Updated October 4, 2021
Osteoporosis and Osteopenia (“OP”) are conditions where the bones lose their structural integrity, usually by loss of minerals (such as calcium, magnesium) and matrix (collagen). The usual “cause” of OP is is hormonal, with loss of estrogen and testosterone as we age (moreso in women than men), excess of other hormones (cortisone, parathyroid hormone), inflammation (rheumatoid and psoriatic arthritis), and nutritional deficiencies of calcium, magnesium, vitamin-d, vitamin-k, and vitamin-a. Other less “popular” nutrients such as omega-3 oils (“fish oils”), B-vitamins, strontium, silicon and others contribute to bone health.
Testing for bone density is conventionally done with a Dexascan, a form of xray that looks at the density of the bone in the hip, lumbar spine and wrist. It compares the density to that of a 26-year-old woman, so essentially everyone over this age will show some degree of normal loss. The line between normal bone, osteopenia and osteoporosis is somewhat arbitrarily set by certain values called the T-score. A value of less than -1.0 is the criteria for osteopenia while less than -2.0 is osteoporosis. Dexascan values can be different in the hip, spine and wrist which is why all three areas are evaluated. It is prudent to have a baseline Dexascan around the time of menopause for women, and for men and women when any fracture occurs in a unusual manner. Dexascan values take approximately two years to change for the better or worse, which is why they are recommended at this interval when OP is found. Interventions include nutrition, weight-bearing exercise, medications and correction of underlying metabolic conditions, infections, gut dysfunctions, deficiencies and toxicities. These will be discussed elsewhere.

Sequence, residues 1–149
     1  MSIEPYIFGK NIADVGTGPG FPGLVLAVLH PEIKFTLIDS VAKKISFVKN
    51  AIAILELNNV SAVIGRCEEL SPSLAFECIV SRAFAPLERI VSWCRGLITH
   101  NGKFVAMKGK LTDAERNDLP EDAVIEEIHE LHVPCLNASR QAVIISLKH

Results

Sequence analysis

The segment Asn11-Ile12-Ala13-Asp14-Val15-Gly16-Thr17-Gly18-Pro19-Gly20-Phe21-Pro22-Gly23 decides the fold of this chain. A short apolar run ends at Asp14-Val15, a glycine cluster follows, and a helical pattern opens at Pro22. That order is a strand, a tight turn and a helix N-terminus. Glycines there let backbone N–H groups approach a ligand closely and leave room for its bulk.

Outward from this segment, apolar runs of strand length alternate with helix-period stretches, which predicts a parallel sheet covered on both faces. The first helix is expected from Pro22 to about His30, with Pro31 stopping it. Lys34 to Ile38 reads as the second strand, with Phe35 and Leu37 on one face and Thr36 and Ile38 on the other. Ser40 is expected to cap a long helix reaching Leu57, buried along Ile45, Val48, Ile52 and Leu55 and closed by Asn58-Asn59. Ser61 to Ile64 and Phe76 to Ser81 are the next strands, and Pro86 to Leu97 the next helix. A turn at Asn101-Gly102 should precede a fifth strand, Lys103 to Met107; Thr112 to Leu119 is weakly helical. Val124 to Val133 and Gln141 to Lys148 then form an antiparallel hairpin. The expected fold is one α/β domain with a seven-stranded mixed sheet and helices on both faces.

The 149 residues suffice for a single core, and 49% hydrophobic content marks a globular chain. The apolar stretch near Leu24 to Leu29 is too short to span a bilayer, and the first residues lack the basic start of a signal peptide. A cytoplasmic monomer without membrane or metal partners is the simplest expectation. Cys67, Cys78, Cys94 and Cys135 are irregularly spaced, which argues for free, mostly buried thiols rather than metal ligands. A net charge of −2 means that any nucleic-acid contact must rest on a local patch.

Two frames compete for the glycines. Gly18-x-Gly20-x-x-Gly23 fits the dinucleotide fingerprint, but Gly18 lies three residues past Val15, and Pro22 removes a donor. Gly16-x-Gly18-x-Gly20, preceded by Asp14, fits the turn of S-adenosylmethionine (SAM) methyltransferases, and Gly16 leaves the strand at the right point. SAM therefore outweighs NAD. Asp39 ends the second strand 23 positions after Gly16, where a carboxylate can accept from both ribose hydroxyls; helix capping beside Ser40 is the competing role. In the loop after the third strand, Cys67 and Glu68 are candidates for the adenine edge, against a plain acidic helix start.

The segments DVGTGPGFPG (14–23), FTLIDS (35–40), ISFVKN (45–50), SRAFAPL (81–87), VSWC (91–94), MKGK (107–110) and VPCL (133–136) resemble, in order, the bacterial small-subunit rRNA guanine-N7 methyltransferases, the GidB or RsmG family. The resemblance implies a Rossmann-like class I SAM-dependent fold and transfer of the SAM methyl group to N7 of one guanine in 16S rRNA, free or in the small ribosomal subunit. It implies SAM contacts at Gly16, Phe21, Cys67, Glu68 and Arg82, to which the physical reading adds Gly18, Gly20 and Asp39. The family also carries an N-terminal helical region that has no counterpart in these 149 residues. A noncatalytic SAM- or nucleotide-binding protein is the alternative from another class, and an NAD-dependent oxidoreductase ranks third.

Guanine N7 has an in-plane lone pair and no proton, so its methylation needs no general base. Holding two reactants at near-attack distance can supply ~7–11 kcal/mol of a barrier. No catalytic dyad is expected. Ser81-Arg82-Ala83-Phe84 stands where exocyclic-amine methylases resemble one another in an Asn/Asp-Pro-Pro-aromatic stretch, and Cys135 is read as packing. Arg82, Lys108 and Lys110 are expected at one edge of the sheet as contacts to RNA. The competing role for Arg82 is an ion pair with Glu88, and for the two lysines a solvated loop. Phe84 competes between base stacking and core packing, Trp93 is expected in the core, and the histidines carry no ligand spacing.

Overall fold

A thorough evaluation for the cause of OP should include at the least blood tests for Vitamin-D, Magnesium, Zinc, Vitamin-K, inflammation, amino acids that are involved in collagen formation (such as proline and lysine) and hormonal imbalances. While Vitamin C is important for collagen formation, there is no blood test that can accurately assess Vitamin C levels, so other ways to assess Vitamin C status are utilized when indicated.
There are additional tests that are offered by conventional and alternative medicine that can help elucidate the factors involved in unexplained OP. This page will be expanded soon so check back if this topic is important to you.